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Physiotherapy. 2015 Jun;101(2):155-60. doi: 10.1016/j.physio.2014.07.004. Epub 2014 Sep 19.

Effect of burst TENS and conventional TENS combined with cryotherapy on pressure pain threshold: randomised, controlled, clinical trial.

Author information

1
Department of Physiotherapy, Federal University of Rio Grande do Norte, Laboratório de Análise da Performance Neuromuscular, Natal, RN, Brazil.
2
Department of Physiotherapy, Federal University of Rio Grande do Norte, Laboratório de Análise da Performance Neuromuscular, Natal, RN, Brazil. Electronic address: brasileiro@ufrnet.br.

Abstract

OBJECTIVE:

To assess the immediate effect of conventional and burst transcutaneous electrical nerve stimulation (TENS) in combination with cryotherapy on pain threshold and tolerance in healthy individuals.

DESIGN:

Randomised, controlled trial.

SETTING:

University laboratory.

PARTICIPANTS:

One hundred and twelve healthy women.

INTERVENTIONS:

Volunteers were allocated at random to seven groups (n=16): (1) control, (2) placebo TENS, (3) conventional TENS, (4) burst TENS, (5) cryotherapy, (6) cryotherapy in combination with burst TENS, and (7) cryotherapy in combination with conventional TENS. Pain threshold and tolerance were measured by applying a pressure algometer at the lateral epicondyle of the humerus, before and after each intervention.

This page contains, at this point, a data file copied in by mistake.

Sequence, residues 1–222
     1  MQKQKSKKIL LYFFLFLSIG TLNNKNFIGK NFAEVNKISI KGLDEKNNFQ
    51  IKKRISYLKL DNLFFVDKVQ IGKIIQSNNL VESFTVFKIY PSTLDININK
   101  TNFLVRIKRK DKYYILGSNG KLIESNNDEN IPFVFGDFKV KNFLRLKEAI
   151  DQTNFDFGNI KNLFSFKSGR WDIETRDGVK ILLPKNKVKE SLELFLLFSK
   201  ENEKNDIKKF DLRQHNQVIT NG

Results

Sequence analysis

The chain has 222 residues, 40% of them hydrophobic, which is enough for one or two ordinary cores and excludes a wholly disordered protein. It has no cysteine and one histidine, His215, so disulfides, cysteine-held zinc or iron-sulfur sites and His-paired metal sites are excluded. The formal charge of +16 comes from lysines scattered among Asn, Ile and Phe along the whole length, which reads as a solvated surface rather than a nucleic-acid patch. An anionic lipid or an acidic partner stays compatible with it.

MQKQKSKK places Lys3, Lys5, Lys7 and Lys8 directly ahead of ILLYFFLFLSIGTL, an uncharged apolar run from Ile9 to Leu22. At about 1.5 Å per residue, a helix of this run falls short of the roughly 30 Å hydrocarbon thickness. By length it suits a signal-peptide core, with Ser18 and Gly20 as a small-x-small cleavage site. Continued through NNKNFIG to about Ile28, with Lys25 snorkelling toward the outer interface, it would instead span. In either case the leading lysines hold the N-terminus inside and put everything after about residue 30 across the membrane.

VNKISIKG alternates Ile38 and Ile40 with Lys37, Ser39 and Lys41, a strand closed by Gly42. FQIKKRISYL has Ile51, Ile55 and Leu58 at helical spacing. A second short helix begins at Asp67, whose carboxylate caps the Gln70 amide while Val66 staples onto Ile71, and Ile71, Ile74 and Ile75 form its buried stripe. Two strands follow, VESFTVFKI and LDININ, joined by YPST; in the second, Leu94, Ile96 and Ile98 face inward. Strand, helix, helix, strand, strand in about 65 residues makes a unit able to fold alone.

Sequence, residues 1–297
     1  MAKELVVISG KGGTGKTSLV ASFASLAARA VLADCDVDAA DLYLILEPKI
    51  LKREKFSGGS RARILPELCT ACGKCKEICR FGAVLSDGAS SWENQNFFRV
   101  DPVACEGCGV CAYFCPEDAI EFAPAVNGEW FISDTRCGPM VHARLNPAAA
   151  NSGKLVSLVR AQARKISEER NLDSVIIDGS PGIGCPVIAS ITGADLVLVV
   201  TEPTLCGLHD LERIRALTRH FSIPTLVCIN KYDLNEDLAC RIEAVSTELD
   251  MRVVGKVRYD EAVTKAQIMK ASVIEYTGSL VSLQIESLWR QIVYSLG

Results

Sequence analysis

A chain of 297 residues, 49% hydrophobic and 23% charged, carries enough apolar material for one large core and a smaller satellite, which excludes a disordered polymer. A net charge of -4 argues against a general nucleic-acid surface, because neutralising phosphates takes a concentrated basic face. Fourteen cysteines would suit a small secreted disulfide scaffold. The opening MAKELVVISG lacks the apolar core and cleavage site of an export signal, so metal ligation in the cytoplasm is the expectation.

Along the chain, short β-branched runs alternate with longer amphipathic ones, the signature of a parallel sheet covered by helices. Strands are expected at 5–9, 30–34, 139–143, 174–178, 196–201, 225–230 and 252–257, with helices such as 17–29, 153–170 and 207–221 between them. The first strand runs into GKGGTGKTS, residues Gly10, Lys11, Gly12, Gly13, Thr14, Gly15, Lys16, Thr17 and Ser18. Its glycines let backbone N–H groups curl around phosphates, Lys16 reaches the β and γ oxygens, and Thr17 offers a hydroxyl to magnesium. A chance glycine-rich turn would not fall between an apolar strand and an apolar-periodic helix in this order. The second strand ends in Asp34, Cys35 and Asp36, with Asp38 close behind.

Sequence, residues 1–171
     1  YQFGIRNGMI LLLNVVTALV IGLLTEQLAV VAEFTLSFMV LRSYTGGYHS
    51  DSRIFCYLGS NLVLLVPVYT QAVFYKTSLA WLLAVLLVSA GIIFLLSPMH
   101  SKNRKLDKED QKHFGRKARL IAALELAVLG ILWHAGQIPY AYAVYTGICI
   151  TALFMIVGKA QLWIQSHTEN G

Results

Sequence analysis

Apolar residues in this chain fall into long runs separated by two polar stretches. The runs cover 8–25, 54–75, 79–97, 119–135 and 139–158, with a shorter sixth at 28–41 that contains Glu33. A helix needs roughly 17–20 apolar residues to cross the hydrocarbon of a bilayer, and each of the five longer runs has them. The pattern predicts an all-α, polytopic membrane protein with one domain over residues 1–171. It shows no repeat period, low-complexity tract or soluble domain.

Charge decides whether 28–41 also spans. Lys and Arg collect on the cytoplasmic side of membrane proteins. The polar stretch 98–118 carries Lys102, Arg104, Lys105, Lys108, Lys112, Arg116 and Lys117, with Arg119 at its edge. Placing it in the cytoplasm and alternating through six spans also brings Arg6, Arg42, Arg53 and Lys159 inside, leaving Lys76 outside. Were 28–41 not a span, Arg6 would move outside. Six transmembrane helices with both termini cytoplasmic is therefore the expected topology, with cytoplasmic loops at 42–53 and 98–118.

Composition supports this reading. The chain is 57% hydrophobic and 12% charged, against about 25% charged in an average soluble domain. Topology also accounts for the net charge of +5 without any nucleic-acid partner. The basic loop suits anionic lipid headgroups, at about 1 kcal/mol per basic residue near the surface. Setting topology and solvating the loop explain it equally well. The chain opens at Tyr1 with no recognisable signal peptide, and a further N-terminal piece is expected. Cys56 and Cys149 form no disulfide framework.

MAIN OUTCOME MEASURES:

The primary outcome measure was pressure pain threshold.

RESULTS:

A significant increase in pain threshold and tolerance at the 5% level of significance was recorded as follows: burst TENS {pain threshold: mean difference 1.3 [95% confidence interval (CI) 1.4 to 1.2]; pain tolerance: mean difference 3.8 (95% CI 3.9 to 3.7)}, cryotherapy [pain threshold: mean difference 1.3 (95% CI 1.4 to 1.2); pain tolerance: mean difference 1.9 (95% CI 1.8 to 2.0)] and cryotherapy in combination with burst TENS [pain threshold: mean difference 2.6 (95% CI 2.4 to 2.8); pain tolerance: mean difference 4.9 (95% CI 5.0 to 4.8)]. Cryotherapy in combination with burst TENS provided greater analgesia compared with the other groups (P<0.001).

CONCLUSION:

These results support the use of cryotherapy in combination with burst TENS to reduce induced pain, and suggest a potentiating effect when these techniques are combined. No such association was found between cryotherapy and conventional TENS.

KEYWORDS:

Analgesia; Electrotherapy; Ice

PMID:
25306231
DOI:
10.1016/j.physio.2014.07.004
[Indexed for MEDLINE]

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